EU Leaders Fail to Make Headway on Their Trillion-Euro Budget

Nikos Chrysoloras and Viktoria Dendrinou

(Bloomberg) -- After managing a united front over Brexit, divisions between European Union leaders were laid bare Friday when they discussed how to plug the budget shortfall left by the U.K.’s intended departure.

The trillion euro ($1.1 trillion) seven-year budget is a cornerstone of EU policy that lets farmers compete against imports from the developing world, helps poorer states catch up with the rich ones and underpins projects that bind the union together. But agreeing on the amount of cash and how to spend it is a regular source of tension between the net contributors and those who get more than they put in.

Britain, of course, was a net contributor. Now richer members are calling for the hole it will leave to be covered by cuts in the budget for the 2021-2027 period. Poorer ones want everyone else to cough up more.

During their meeting on Friday leaders didn’t make any headway in agreeing on a ceiling for the budget, putting at risk a self-imposed deadline to reach a final deal in December. Agreement on the volume of the funds is needed before decisions can be taken on what they should be spend it on, and the conditions attached to the disbursements.

But so far, diverging positions between different countries have remained entrenched.

"Positions on the budget were significantly apart," said Lithuanian President Gitanas Nauseda "Divergence of opinion was too big to find a compromise today."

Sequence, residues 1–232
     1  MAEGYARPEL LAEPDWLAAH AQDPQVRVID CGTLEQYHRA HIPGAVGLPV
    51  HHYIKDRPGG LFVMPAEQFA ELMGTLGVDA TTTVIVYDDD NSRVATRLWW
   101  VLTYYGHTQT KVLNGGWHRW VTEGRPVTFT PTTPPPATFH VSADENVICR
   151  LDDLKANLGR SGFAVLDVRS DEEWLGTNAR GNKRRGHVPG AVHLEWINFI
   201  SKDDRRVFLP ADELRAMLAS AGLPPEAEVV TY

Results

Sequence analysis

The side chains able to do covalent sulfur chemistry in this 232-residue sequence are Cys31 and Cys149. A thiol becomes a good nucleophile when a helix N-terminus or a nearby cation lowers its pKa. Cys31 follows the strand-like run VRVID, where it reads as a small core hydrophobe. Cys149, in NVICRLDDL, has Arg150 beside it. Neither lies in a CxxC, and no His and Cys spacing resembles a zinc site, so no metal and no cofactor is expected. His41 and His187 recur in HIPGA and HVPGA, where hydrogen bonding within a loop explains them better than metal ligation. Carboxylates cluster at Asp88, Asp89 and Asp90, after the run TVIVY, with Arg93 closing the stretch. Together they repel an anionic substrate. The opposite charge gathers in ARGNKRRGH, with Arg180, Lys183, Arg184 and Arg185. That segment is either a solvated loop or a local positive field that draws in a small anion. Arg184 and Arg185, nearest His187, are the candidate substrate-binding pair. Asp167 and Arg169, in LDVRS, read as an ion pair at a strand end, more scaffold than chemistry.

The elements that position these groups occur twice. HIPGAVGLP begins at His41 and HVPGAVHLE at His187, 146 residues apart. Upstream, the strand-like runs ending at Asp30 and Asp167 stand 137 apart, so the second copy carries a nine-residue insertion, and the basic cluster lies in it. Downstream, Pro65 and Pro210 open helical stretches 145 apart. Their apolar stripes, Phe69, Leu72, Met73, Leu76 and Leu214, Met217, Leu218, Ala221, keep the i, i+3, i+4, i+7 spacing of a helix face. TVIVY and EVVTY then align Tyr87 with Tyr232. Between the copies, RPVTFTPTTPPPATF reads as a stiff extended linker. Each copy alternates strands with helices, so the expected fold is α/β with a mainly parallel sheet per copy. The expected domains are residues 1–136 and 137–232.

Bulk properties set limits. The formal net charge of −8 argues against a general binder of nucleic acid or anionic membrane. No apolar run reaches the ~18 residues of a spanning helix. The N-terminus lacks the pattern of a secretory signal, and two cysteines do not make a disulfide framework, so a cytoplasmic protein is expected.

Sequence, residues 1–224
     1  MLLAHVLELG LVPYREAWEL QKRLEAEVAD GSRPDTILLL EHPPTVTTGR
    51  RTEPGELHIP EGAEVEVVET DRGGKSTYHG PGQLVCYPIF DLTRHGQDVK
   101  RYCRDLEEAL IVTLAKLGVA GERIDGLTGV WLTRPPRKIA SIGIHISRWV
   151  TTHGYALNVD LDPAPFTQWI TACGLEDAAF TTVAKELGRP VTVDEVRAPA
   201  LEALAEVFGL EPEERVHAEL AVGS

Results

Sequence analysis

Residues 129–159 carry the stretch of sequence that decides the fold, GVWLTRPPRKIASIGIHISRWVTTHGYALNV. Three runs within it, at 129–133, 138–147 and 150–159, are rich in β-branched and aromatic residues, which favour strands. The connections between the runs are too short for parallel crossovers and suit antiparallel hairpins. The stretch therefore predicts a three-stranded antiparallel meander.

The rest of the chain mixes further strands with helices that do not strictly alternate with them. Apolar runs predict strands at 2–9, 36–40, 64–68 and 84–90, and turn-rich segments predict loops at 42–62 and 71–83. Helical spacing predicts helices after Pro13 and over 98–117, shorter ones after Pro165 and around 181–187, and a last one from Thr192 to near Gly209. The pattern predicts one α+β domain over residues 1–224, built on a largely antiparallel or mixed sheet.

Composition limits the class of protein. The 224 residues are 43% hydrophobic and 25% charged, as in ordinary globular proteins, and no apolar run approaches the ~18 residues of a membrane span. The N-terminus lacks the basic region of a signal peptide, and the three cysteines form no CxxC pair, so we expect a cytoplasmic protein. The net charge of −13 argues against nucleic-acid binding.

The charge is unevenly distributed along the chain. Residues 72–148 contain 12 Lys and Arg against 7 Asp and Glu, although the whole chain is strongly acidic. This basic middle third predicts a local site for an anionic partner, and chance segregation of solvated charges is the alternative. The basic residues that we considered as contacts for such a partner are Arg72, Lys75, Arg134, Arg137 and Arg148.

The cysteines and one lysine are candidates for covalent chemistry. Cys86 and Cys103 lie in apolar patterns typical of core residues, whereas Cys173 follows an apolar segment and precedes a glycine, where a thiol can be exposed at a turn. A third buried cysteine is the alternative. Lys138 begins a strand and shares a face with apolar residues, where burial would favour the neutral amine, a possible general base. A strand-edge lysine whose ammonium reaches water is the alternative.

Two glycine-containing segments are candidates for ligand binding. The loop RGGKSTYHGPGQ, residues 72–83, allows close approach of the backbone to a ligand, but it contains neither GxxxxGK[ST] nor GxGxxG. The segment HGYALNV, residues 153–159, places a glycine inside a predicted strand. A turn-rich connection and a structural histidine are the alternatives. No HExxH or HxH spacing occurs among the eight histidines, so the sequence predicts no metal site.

European Commission President Jean-Claude Juncker said the discussion didn’t offer any guidance as leaders just repeated known positions and predicted there would be no breakthrough in December either.

"We’re under time pressure," German Chancellor Angela Merkel said. "We have to quickly reach an agreement under the Croat presidency if possible, otherwise we won’t be able to finalize the programs by the time the new financial framework takes effect -- which wouldn’t be good."

No One Is Happy

The spat is expected to keep leaders at loggerheads for months, but at its heart it’s about a tiny amount of money when spread over the EU’s 450 million people: 0.1% of GDP. The bloc’s executive arm has proposed that member states commit around 1.1% to the joint budget, while net contributors want to cap that at 1%. Either way it’s not much more than they have put in previously.

Finland, which holds the rotating presidency of the EU, has proposed 1.03% to 1.08%, according to an internal memo. The difference between those figures amounts to about 50 billion euros over seven years. Yet almost no one is happy, according to several diplomats following the issue.

The EU is no stranger to fighting over small change.

The 19 finance ministers representing the euro-area’s $19 trillion economy just completed a two-year negotiation over a separate budget worth less than 20 billion euros.

(Updates with Nauseda and Juncker comments in six, seventh paragraphs.)

--With assistance from Milda Seputyte, Jan Bratanic, Aaron Eglitis, Lyubov Pronina, Stephanie Bodoni, Morten Buttler, Jonathan Stearns, Helene Fouquet, Ewa Krukowska, Alexander Weber, John Follain, Richard Bravo and John Ainger.

To contact the reporters on this story: Nikos Chrysoloras in Brussels at nchrysoloras@bloomberg.net;Viktoria Dendrinou in Brussels at vdendrinou@bloomberg.net

To contact the editors responsible for this story: Chad Thomas at cthomas16@bloomberg.net, Ben Sills, Rosalind Mathieson

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